Thank you for your faithful service. When people thank me for mine, I tell them to find a draftee. I volunteered and want no thanks. When it comes from chickenhawks, it is blowing smoke anyway.

      Walter

  2. Walter.. Yes, the ‘draft’ law embedded democracy in the military. but it was not always so. In my war, WW II, no African Americans served in our units. I volunteered for the Army Air Corps in 1943 as an aviation cadet and that was all white. By late in the war the air corps started training African Americans in the cadet program but they flew in all black units. The Japanese were put in concentration camps but the army did set up a large and ultimately distinguished battalion of Japanese infantry. The US navy was probably more class based than the army. There was an open door for any poor boy, as I was, through the Navy V12 program to become an officer but I doubt that a black could have even gone through that.gate. It was only after the war that the services started to desegregate and that process is still going on with sexual orientation, etc. The Army Air Corps and I believe the ground forces were quite egalitarian with rich and poor kids at all levels of force structure.

    • Traven.

      Ours culture is, or was, a continuous striving. I think the best example of the catalyst that was the US military was reflected in a statement made by a former member of the all black WWII armor battalion, called, I think, the Black Panthers. Several unit members had gathered for a service at the passing of their white commander. Asked for comments about their service, one made a statement I won’t forget: “I’m not a black American, I’m an American.”

      1966 was only a century from the end of the Civil War, and a decade from the ordered integration of the military. And yet, we soldiered on!

      Walter

  3. I, too, was “draft induced” late in the Vietnam war. While I completely agree with the writers above, I would offer a couple thoughts, based on 21 years in the military and over 8 years directing and developing plans and programs for military training.
    The first is that any future draft should be for “national service”, not just military service. National service would include work such as teaching school in difficult areas, physical therapy work in military hospitals, conservation corps jobs in our parks and forests, and medical technicians, IT specialists and so on. Make it easier for any citizen to qualify and harder to find an excuse to be excluded from the draft.
    Second, carefully consider the training impact on the military services. The few weeks of training given most draftees in the Vietnam era was probably not adequate and resulted in unnecessarily high combat casualties, especially in the first days and weeks in theater. The training requirement in today’s military are much greater. All the Vietnam era requirements remain, and the more complex weapon systems and operational threats and tactics associated with asymmetric warfare present today will add weeks or months of training for many military draftees. A one- or two-year draft could easily end up being consumed mostly by training. The impact on the services’ training commands would be enormous. For the military services a renewed draft would be a very mixed blessing.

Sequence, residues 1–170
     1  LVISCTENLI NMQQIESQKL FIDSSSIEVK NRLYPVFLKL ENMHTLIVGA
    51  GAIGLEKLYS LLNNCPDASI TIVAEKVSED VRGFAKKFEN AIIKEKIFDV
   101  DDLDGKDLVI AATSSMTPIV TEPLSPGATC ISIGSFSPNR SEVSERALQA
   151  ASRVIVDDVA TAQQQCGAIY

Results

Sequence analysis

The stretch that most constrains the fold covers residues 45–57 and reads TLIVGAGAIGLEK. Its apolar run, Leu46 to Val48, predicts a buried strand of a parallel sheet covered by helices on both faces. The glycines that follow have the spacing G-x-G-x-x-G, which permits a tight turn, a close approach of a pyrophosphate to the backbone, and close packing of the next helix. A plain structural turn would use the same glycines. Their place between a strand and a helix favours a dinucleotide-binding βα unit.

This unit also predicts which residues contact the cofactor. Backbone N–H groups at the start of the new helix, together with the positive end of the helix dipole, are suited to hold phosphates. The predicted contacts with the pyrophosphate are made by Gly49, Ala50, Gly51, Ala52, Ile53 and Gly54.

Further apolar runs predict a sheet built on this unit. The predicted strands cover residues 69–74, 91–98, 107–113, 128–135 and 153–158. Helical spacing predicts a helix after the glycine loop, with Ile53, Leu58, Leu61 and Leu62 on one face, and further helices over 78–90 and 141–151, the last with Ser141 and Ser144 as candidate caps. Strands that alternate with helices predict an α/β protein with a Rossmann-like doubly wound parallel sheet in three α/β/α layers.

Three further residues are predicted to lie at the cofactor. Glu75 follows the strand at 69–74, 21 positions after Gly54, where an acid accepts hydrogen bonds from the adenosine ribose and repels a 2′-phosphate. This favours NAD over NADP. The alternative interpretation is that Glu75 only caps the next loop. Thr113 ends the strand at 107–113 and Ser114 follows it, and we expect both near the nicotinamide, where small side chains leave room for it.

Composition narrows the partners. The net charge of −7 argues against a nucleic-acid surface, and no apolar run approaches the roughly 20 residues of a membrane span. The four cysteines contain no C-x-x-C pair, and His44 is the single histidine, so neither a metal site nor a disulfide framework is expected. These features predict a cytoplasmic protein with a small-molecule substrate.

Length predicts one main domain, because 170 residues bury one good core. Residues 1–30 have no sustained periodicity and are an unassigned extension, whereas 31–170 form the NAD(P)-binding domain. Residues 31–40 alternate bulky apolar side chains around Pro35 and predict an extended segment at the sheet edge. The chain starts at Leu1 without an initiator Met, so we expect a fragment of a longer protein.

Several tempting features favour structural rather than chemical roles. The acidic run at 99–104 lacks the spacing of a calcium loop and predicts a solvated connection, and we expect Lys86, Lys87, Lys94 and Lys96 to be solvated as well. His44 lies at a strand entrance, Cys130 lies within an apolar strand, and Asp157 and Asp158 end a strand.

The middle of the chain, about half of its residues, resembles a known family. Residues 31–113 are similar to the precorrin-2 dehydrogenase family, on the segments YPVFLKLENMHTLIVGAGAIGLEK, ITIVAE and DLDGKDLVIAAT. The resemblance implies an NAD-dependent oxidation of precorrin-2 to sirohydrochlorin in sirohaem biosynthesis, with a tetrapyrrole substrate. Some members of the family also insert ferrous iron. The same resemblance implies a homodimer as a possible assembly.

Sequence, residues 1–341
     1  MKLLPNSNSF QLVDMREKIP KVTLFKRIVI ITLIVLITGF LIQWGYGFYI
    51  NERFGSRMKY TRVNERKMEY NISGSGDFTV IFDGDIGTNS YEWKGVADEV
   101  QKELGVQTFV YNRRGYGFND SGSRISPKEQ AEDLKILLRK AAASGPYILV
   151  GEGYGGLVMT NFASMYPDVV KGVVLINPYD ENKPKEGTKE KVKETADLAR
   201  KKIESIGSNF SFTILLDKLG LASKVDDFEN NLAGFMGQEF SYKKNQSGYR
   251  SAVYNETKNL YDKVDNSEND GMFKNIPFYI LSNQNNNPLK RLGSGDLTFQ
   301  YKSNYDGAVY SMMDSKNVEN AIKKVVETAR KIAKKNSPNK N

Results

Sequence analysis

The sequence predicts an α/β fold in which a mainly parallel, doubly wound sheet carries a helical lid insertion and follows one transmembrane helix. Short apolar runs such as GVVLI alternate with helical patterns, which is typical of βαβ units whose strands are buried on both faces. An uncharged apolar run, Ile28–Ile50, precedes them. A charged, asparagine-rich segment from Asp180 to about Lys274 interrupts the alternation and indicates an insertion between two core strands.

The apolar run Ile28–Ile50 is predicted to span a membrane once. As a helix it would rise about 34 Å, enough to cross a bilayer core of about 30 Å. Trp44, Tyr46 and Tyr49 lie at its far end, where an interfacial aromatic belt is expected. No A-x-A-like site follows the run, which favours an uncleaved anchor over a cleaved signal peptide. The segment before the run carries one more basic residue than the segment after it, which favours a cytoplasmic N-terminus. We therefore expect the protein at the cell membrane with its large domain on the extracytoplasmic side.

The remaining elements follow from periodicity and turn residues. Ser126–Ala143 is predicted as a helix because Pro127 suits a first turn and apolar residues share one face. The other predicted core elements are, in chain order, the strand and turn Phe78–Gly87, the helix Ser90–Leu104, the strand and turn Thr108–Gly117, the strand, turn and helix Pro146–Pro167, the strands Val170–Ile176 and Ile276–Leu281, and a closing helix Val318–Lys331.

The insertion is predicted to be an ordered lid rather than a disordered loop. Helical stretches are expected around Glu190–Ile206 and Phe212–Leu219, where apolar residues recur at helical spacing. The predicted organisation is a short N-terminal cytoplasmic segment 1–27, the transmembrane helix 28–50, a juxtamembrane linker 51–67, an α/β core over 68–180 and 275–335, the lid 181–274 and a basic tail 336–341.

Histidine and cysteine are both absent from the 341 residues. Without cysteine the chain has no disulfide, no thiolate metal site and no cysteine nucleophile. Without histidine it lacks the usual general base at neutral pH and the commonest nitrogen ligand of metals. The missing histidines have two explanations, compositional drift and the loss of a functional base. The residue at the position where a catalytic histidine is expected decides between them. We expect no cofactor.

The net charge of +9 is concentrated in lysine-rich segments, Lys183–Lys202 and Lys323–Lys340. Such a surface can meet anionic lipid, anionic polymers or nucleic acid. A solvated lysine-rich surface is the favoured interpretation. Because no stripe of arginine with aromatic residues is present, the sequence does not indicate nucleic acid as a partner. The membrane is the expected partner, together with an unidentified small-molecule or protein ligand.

• Your suggestion of “national service” is very rational. Particularly in today’s poor economic climate and our infrastructure deteriorating. People would feel better about themselves and their country if they saw their work contributing to the common good. This is assuming that draftees would not be used to suppress dissent.

    • Minnow.

      Clearly, the services would not like a return to a citizen-soldier based military. No careerists would want to deal with cantankerous citizen soldiers when they can deal with those “who want to be there.” However, from a big picture point of view, “those who want to be there” are an invitation to more wars. Also, they transmit a message to enemies and potential enemies that Americans are cowards. Americans will only pay professionals to fight on their behalf, but with red ink. Therefore, in fact based reality, Americans will neither fight nor pay.

      As far as troop training, why is it our guys in the Middle East need ever more training and weaponry, and the bad guys don’t? An AK-47 or M-4 is not that complex.

      Walter

      • Hi Walt: You’re right about the AK-47 and not a lot of training. But what Americans are unprepared to accept (and I don’t blame them) is high casualties. Intensive training cuts down on casualties.

        Sure, we could send a lot of conscripts over with automatic weapons. But we better send a lot of body bags too.

      • Walter, I agree with your first paragraph; it is our reality. We need a governing rule that the neocons can only have wars they are willing to pay for. Don’t hold your breath.